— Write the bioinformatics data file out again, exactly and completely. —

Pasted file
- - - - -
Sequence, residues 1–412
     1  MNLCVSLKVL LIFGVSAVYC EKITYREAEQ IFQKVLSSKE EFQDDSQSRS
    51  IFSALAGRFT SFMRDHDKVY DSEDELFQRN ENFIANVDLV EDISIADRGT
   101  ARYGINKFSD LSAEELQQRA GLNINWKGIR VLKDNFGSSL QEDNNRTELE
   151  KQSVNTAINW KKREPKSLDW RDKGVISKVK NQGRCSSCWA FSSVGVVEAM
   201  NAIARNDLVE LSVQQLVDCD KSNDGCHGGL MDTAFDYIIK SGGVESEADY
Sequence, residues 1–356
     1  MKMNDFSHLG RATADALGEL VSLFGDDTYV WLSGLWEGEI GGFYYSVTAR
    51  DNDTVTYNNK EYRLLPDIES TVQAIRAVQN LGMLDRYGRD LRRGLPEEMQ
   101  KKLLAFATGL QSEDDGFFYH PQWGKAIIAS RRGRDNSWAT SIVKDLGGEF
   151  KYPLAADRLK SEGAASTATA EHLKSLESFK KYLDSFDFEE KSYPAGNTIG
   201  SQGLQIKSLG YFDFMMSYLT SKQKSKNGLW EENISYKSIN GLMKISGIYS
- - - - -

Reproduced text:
Sequence, residues 1–412
     1  MNLCVSLKVL LIFGVSAVYC EKITYREAEQ IFQKVLSSKE EFQDDSQSRS
    51  IFSALAGRFT SFMRDHDKVY DSEDELFQRN ENFIANVDLV EDISIADRGT
   101  ARYGINKFSD LSAEELQQRA GLNINWKGIR VLKDNFGSSL QEDNNRTELE
   151  KQSVNTAINW KKREPKSLDW RDKGVISKVK NQGRCSSCWA FSSVGVVEAM
   201  NAIARNDLVE LSVQQLVDCD KSNDGCHGGL MDTAFDYIIK SGGVESEADY
Sequence, residues 1–356
     1  MKMNDFSHLG RATADALGEL VSLFGDDTYV WLSGLWEGEI GGFYYSVTAR
    51  DNDTVTYNNK EYRLLPDIES TVQAIRAVQN LGMLDRYGRD LRRGLPEEMQ
   101  KKLLAFATGL QSEDDGFFYH PQWGKAIIAS RRGRDNSWAT SIVKDLGGEF
   151  KYPLAADRLK SEGAASTATA EHLKSLESFK KYLDSFDFEE KSYPAGNTIG
   201  SQGLQIKSLG YFDFMMSYLT SKQKSKNGLW EENISYKSIN GLMKISGIYS